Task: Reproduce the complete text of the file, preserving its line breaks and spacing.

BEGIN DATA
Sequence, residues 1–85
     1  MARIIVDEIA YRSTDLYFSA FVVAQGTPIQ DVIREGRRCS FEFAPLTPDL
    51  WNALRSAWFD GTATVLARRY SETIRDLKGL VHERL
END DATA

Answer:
Sequence, residues 1–85
     1  MARIIVDEIA YRSTDLYFSA FVVAQGTPIQ DVIREGRRCS FEFAPLTPDL
    51  WNALRSAWFD GTATVLARRY SETIRDLKGL VHERL